In these conflicts lies the answer of their downfall. Slavniks did not help Boleslaus II, they were either neutral or allied with Boles?aw I of Poland.[20] This was a direct challenge to Boleslaus II; he could not afford any mighty rivals and was determined to add the Slavnik lands to his dukedom.[21] In early September of 995, while Sob?slav was at war against Lusatian tribes as Boleslaw's and Otto III's ally, Boleslaus II with confederates (the Vr?ovci) stormed Libice on September 28, and massacred all of the family, although he originally promised a truce to Sob?slav's brothers until his return.[22]

Only three Slavnik family members survived, because they were not present at Libice at that time: Sob?slav, Adalbert and Radim (Gaudentius).[23]

Aftermath

Sob?slav temporarily lived in Poland and was comforted by Boles?aw I.[24] The ruler also stood out as an intermediary for Adalbert toward Boleslaus II, appealing for Adalbert's return,[25] but the nobility and the people did not accept Adalbert, as they were afraid of his possible vengeful intentions.[26]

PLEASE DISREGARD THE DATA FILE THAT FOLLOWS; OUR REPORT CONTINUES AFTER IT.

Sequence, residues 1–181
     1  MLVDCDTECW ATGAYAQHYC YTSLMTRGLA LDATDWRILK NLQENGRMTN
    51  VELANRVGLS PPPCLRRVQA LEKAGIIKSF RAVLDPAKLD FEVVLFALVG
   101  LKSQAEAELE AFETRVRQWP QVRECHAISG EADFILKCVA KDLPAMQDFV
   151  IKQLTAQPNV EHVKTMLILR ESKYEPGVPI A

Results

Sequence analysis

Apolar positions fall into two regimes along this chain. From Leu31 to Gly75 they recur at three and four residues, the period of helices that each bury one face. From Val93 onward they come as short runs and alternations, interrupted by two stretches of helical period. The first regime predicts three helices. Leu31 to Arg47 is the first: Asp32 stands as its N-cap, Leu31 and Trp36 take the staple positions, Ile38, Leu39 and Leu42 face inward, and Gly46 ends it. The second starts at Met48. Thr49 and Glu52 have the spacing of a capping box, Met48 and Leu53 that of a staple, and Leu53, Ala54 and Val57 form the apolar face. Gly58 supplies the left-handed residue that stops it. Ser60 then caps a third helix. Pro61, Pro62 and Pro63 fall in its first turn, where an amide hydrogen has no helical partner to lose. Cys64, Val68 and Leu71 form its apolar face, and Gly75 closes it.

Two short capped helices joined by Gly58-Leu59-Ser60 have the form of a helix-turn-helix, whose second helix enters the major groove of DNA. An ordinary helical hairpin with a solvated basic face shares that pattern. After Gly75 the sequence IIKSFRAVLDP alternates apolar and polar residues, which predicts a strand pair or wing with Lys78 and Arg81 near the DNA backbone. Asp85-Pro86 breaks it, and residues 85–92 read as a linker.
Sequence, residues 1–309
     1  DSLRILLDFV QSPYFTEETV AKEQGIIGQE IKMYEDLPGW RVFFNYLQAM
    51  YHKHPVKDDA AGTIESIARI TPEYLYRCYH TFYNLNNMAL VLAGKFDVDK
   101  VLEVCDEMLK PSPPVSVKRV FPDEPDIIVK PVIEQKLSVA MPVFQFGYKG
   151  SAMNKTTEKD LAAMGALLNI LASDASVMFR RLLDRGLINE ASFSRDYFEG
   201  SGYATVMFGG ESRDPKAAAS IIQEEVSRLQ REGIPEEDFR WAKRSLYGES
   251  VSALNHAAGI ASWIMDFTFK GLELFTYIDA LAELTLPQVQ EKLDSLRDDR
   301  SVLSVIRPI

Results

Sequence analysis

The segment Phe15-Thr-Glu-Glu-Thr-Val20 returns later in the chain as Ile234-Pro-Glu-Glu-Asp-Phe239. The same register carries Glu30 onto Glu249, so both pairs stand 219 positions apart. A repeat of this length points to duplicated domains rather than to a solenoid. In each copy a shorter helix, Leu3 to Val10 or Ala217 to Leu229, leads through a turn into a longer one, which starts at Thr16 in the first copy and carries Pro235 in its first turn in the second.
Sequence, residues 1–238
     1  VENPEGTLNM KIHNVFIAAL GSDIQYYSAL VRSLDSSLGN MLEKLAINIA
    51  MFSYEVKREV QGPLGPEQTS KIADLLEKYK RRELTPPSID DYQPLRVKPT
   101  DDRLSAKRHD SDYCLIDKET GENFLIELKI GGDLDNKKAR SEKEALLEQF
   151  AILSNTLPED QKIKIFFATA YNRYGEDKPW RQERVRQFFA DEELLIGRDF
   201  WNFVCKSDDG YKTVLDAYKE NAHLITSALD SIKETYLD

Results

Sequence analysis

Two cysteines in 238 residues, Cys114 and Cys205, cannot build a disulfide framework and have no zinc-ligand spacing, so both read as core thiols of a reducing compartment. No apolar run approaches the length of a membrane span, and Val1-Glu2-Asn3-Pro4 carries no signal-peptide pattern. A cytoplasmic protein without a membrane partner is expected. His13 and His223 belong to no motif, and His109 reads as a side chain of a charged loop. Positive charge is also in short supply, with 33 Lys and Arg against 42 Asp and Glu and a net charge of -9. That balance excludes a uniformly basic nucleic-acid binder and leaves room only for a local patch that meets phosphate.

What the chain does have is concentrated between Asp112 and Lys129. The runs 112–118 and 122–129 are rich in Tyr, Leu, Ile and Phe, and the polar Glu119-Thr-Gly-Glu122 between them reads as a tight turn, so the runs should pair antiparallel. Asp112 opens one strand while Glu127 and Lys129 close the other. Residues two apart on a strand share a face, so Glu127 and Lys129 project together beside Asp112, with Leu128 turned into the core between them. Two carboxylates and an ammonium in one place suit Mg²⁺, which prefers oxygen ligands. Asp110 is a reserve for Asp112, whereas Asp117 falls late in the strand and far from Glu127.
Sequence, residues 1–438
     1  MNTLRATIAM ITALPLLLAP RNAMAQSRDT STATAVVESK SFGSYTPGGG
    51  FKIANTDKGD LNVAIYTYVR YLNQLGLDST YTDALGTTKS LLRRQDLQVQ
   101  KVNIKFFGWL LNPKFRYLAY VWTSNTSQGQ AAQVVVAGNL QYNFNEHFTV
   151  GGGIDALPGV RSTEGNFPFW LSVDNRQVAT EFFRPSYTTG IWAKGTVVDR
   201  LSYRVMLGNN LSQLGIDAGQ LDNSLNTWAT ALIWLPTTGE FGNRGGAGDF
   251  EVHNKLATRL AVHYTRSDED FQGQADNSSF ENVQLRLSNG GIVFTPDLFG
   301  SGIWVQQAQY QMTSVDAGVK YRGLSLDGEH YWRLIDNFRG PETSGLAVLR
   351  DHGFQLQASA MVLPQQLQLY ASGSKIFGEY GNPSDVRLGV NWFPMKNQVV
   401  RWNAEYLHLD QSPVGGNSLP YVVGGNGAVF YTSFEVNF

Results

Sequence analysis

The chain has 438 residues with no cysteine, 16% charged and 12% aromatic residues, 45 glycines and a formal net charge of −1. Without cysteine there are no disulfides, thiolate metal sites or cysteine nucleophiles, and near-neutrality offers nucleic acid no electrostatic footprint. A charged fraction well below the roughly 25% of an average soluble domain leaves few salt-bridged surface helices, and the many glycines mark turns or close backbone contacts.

In 996, when Strachkvas P?emyslid was going to assume the office of a bishop in Prague, he suddenly died during the ceremony.[27] The strength of the conflict of the two dynasties is also demonstrated by the P?emyslid rulers' refusal to ransom Saint Adalbert's body from the Prussians who murdered him, so it was purchased by Boles?aw I, and was quickly canonized by the common effort with Otto III.[28]

Soon after, a temporary anarchy escalated in Bohemia, as two weak dukes Boleslaus III and Vladivoj followed, leading to the Boles?aw I's temporary control of Prague. Eventually, a year later, Sob?slav was killed by Bohemians defending a bridge near Prague, shielding the retreat of Polish forces from Prague in 1004.[29]

Territory